I’m sure by now you’ve seen all the hoopla over the Mount Vernon Statement, signed by 80 or so influential conservatives. It’s great rhetoric, of course, and I agree with most of the principles stated in the declaration. It begins:
We recommit ourselves to the ideas of the American Founding. Through the Constitution, the Founders created an enduring framework of limited government based on the rule of law. They sought to secure national independence, provide for economic opportunity, establish true religious liberty and maintain a flourishing society of republican self-government.
Hey, I’m all for limited government based on the rule of law. I’m all for true religious freedom and economic opportunity. Who isn’t? Frankly, a lot of the signers of that declaration aren’t.
This declaration is signed by Tony Perkins, head of the Family Research Council, which has just recently publicly announced that it is in favor of putting gays in prison or in forced rehabilitation. How does that theocratic wet dream square with limited government and true religious freedom. Answer: It doesn’t.
How many of the signers of that declaration are in favor of enforcing the rule of law and prosecuting Bush and Cheney for torture? Hell, how many of them did not support Bush completely in his pursuit of torture?
How many, for that matter, opposed Bush’s assertion that he had the authority to arrest American citizens and hold them indefinitely without access to an attorney or charging them with any crime? How many of them were opposed to Bush’s warrantless wiretap policy that shredded (and continues to shred) the 4th Amendment?
I count exactly one signer to the document that took a public stand against Bush on those issues — Richard Viguerie, who was part of the American Freedom Agenda that took a public stand against them and supported. That’s it. Every single other person who signed that declaration in favor of “limited government” that stuck to its constitutional boundaries, as far as I can tell, was an enthusiastic cheerleader for the Bush administration when it utterly ignored the constitution on issue after issue.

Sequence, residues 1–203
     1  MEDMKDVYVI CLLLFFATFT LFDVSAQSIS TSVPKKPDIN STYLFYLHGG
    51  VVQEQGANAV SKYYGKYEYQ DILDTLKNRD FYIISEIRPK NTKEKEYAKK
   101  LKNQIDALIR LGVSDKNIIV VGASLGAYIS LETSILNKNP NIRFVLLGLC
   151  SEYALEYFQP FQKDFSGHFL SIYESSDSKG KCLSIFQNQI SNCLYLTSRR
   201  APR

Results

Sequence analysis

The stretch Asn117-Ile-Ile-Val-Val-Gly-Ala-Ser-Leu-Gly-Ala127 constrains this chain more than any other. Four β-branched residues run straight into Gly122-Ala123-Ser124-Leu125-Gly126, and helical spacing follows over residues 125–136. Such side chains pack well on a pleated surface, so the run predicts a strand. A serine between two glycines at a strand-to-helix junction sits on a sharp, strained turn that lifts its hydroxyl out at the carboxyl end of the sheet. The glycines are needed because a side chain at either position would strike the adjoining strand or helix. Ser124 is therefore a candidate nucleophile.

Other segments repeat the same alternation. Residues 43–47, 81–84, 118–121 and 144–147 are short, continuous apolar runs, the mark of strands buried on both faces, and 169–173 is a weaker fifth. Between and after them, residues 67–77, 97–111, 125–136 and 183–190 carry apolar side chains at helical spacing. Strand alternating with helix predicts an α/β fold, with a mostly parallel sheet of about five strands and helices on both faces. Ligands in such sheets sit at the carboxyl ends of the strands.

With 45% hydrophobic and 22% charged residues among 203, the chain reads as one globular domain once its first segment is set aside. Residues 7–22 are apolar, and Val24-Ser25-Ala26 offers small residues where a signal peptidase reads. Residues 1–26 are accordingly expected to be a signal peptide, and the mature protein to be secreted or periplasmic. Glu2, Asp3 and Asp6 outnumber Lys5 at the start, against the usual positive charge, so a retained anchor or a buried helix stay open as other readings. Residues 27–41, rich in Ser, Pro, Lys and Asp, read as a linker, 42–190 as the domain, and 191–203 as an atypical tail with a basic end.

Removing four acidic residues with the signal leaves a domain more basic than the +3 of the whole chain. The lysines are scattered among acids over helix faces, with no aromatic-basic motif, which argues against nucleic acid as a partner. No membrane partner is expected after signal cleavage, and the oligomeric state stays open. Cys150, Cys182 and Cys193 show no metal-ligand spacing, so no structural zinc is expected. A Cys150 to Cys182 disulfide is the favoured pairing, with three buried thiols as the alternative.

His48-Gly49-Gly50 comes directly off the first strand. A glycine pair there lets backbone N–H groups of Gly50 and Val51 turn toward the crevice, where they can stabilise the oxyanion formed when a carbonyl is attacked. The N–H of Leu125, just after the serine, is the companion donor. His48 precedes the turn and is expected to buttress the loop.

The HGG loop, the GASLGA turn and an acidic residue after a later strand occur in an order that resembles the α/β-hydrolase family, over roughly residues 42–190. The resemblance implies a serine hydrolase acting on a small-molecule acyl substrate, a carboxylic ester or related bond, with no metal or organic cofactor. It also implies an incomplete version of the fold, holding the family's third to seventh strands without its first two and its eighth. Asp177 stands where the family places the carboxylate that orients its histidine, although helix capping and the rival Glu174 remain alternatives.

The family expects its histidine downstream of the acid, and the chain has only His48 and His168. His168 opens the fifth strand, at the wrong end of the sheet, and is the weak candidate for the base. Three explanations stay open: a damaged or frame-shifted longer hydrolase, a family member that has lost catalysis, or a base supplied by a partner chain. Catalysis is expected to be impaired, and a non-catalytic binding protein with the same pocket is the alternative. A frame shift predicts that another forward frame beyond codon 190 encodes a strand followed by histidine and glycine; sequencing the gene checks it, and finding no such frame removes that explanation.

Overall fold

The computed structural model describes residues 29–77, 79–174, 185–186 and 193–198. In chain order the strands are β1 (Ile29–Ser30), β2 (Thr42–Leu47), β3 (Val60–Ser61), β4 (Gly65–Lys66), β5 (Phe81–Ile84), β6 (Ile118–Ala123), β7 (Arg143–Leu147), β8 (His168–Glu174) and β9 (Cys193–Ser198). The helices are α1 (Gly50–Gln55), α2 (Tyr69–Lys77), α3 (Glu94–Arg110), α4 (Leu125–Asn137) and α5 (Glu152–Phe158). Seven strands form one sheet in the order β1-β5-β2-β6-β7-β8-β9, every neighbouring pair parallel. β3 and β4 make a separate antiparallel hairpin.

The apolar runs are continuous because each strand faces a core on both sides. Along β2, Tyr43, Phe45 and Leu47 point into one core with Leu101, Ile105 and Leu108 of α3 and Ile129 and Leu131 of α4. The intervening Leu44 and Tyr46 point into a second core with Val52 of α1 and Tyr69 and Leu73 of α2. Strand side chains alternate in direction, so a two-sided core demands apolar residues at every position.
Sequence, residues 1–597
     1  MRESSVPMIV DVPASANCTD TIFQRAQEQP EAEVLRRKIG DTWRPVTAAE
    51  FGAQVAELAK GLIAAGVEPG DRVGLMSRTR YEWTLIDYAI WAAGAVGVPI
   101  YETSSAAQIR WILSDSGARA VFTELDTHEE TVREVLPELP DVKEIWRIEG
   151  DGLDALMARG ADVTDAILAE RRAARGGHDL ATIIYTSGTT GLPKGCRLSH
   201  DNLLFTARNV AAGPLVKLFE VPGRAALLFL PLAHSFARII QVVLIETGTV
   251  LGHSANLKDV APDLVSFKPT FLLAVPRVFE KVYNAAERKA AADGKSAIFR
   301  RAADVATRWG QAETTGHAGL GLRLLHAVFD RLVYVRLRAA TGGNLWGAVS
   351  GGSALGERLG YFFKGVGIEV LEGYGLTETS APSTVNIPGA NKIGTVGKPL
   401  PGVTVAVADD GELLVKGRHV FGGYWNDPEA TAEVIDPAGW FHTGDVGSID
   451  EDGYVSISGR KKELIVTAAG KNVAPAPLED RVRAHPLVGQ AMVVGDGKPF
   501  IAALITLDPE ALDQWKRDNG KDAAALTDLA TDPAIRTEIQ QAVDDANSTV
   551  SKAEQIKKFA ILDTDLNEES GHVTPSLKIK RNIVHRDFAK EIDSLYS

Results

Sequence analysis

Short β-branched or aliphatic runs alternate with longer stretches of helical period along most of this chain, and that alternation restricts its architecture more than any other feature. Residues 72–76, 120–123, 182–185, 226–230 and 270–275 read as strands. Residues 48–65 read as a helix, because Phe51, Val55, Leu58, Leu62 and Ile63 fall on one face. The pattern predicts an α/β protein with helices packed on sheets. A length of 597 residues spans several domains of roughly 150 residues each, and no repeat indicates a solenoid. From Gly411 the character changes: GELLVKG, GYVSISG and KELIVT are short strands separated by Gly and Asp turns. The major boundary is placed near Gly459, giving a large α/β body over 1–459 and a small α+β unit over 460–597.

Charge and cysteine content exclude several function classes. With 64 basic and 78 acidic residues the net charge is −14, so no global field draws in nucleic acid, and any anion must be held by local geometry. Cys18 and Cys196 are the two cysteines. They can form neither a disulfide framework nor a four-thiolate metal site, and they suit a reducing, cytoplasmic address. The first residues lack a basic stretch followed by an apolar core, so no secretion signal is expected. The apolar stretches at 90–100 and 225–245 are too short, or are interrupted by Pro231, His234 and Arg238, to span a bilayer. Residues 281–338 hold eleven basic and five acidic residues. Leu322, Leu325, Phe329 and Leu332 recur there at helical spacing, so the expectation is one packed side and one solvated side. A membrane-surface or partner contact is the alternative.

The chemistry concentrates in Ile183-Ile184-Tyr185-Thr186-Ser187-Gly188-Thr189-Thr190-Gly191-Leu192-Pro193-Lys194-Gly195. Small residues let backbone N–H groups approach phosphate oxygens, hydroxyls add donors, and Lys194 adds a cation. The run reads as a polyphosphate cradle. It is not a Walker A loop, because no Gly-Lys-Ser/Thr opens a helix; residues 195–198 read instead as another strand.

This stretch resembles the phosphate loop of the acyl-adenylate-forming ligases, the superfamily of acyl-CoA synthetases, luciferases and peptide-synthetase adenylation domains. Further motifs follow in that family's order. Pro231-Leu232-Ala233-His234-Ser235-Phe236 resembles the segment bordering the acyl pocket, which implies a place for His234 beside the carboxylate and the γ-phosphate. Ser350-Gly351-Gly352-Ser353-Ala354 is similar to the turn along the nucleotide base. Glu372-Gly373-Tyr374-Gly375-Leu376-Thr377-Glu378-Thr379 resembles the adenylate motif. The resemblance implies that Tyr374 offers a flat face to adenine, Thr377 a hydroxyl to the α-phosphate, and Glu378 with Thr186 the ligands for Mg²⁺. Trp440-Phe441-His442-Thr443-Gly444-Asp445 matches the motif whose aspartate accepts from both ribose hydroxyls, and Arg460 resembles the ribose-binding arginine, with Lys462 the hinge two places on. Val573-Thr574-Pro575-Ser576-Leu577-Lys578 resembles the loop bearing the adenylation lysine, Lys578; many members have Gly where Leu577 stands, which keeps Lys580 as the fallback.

And Viguerie can’t seem to figure out what the hell he thinks about it. On Feb. 15, he told the Washington Times:
Not all prominent conservatives are on board.
“This is embarrassing,” activist and longtime direct-mail advertiser Richard Viguerie told The Washington Times. “If the people in the leadership of the conservative movement are going to put out pablum like this, the tea party people are going to make them seem irrelevant. And the tea party people are going to march to the forefront.”
Yet he signed that “embarrassing” document and two days later he told OneNewsNow:
Among those in attendance will be Richard Viguerie, the chairman of Conservative HQ.com, who believes the conservative movement “got seriously off track during the big government days of George Bush, Karl Rove and Tom DeLay.” This document, Viguerie says, is designed to unite conservatives.
“This is an attempt to draft a document that conservatives — whether they’re Tea Party conservatives or social or economic or foreign policy conservatives — can get behind and begin the process of reclaiming the Republican Party for small-government conservatives,” Viguerie explains.
This whole thing is a joke. The rhetoric is great but the actions simply don’t live up to it.